¶3 It is agreed that the collision occurred at about 5:30 in the morning of the 17th of April, 1950. The evidence shows that on that morning Lee Williams, Donald Williams, Fay Shoat, and William Laird left Woodward, Oklahoma, for Bucklin, Kansas, where all three were employed by a construction company. It was still dark at the time they left and misty and foggy. Visibility was from zero to about twenty feet. They were traveling west and when they reached a point of about three and one-half miles east of the town of Supply they overtook a bread truck traveling in the same direction. They followed the truck for about three-fourths of a mile At that point the highway was gradually sloping upward. Mr. Laird, driver of the Chevrolet car, testified that when he reached a point at the top of this slope he turned to the left in order to pass the bread truck; as he did so he saw three yellow or red lights. He assumed they were lights on some car traveling in the same direction he was traveling. He paid no attention to the lights but proceeded in his attempt to pass the bread truck. When his car reached a point alongside the cab of the bread truck he observed a truck approaching him from the west traveling east. He immediately applied his brakes in an attempt to stop but his car skidded into the truck. He further testified that at the time the truck was located off the pavement on the south side of the highway and the left wheels resting on the shoulder. He was traveling about fifty miles per hour in attempting to pass the bread truck and when he applied the brakes. Donald Williams testified that as Mr. Laird turned to the left to pass the bread truck he saw two lights which appeared to him to be lights on each side of the cab of some motor vehicle. Fay Shoat testified that when Mr. Laird started to turn to the left to pass the bread truck he observed two dim lights that appeared to be on ahead (evidently meaning on the front of some approaching vehicle). He then shouted, "Look out, Bill." Laird immediately applied his brakes and his car skidded into the truck. These witnesses all testified that the headlights on the approaching truck were not burning.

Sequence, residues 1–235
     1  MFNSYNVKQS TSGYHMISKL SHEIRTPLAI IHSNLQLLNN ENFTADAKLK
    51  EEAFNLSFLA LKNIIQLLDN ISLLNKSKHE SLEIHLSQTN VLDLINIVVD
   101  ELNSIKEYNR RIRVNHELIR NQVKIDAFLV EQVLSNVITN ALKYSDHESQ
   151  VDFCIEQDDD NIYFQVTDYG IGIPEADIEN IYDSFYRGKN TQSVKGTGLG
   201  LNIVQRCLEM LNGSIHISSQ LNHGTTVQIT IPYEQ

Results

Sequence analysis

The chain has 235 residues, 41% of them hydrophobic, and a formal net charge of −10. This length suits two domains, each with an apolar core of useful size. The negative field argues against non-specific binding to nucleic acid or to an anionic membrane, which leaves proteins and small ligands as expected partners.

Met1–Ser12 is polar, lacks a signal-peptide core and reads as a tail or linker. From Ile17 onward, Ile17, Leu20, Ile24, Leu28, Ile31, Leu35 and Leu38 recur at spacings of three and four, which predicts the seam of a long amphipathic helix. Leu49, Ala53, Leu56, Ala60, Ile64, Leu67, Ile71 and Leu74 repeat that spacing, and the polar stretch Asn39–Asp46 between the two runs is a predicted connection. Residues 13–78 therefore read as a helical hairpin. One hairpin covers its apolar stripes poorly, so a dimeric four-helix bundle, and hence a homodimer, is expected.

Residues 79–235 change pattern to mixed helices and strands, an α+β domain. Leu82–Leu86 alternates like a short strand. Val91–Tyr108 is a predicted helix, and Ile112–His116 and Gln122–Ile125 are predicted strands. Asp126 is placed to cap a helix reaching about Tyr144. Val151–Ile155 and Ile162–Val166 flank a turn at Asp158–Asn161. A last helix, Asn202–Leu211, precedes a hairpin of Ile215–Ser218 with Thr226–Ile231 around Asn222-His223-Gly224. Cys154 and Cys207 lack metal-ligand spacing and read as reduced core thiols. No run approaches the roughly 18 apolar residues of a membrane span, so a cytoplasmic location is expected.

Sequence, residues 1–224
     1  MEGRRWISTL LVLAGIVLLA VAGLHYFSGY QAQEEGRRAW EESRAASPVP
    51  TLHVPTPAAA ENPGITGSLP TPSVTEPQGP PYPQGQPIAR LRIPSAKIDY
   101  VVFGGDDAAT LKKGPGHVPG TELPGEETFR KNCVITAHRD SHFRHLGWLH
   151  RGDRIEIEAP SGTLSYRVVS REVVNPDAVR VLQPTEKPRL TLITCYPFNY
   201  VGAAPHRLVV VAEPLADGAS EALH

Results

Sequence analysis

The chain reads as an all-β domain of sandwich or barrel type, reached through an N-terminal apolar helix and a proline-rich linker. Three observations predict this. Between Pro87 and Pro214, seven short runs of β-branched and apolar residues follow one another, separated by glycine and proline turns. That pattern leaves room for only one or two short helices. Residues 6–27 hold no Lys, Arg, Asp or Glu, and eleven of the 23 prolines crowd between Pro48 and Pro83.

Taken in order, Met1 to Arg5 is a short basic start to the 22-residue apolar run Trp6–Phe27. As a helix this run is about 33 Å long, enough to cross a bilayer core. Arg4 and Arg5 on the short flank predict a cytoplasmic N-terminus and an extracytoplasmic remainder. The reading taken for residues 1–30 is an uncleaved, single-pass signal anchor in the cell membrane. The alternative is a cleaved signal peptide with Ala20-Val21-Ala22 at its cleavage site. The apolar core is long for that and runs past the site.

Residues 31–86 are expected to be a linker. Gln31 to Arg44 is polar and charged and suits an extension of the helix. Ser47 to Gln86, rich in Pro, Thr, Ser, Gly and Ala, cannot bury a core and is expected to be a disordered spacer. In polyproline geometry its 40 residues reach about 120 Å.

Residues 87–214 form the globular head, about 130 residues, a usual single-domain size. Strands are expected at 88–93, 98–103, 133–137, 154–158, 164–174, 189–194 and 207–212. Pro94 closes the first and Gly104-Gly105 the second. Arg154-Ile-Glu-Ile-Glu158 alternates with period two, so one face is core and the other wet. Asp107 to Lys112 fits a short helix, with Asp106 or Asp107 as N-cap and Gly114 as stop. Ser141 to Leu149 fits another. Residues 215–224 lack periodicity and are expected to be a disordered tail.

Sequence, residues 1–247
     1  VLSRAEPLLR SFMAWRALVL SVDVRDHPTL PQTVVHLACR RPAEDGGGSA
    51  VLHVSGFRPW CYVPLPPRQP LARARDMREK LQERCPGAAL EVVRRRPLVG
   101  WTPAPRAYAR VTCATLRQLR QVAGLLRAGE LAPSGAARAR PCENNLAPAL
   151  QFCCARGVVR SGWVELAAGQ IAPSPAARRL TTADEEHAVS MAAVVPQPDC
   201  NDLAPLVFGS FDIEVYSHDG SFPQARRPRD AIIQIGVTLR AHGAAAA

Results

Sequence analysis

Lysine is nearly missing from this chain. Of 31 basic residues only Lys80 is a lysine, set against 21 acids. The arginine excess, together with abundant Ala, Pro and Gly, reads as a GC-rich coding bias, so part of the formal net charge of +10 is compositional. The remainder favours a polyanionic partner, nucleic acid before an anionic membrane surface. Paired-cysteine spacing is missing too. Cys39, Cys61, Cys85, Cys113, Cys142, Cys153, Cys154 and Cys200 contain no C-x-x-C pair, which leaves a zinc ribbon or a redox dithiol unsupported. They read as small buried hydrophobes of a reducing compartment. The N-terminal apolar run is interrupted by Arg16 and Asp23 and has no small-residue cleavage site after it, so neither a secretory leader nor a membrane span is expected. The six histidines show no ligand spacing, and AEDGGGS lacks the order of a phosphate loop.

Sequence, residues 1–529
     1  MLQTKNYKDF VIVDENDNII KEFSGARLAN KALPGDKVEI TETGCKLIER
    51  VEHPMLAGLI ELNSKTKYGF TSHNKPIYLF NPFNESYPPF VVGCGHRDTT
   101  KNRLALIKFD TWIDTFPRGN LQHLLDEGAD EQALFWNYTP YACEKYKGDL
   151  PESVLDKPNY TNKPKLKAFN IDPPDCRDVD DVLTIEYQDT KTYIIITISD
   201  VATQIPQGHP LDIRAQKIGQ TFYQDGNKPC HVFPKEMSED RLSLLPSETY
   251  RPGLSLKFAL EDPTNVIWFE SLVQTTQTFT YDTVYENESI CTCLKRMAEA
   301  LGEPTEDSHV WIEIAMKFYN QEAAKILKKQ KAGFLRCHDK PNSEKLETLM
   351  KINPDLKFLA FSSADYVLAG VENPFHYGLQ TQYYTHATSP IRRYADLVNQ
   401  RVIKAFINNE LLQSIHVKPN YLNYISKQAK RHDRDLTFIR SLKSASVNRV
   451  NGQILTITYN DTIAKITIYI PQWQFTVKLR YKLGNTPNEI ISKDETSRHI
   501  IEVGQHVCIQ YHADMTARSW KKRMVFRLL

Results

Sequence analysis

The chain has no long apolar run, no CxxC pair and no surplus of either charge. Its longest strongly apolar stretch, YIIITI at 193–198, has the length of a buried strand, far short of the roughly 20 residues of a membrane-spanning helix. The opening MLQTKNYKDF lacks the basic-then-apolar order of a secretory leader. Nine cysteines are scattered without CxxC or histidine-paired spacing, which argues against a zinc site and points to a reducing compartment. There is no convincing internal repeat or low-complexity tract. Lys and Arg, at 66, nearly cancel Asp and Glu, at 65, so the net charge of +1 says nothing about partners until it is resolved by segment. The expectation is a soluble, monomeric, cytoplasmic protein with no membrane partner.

¶4 Defendant Wells testified that at about 4:45 on the morning the collision occurred he and Gene Minor left Laverne, Oklahoma, in a Studebaker dump truck; they intended to go to Woodward, Oklahoma, for the purpose of hauling gravel. He agreed in his testimony that the weather conditions were as testified to by plaintiff. He testified that the headlights on his truck were burning all the way and the truck was also lighted with clearance lights, one on each side of the cab; that they were traveling east; the truck was owned by defendant Terbush and he was employed by Terbush to drive the truck for him. When he reached a point close to where the collision occurred he dimmed his lights and as he did so he saw the Chevrolet car attempting to pass the bread truck. He immediately swung his truck to the right off the pavement and stopped the truck on the shoulder. Immediately after the collision occurred he turned off the lights. The clearance lights at the sides of the cab and the headlights on the front were on the same switch and neither could be turned off or on without at the the same time turning off or on all of the lights. Gene Minor testified in substance to the same state of facts as did Mr. Wells.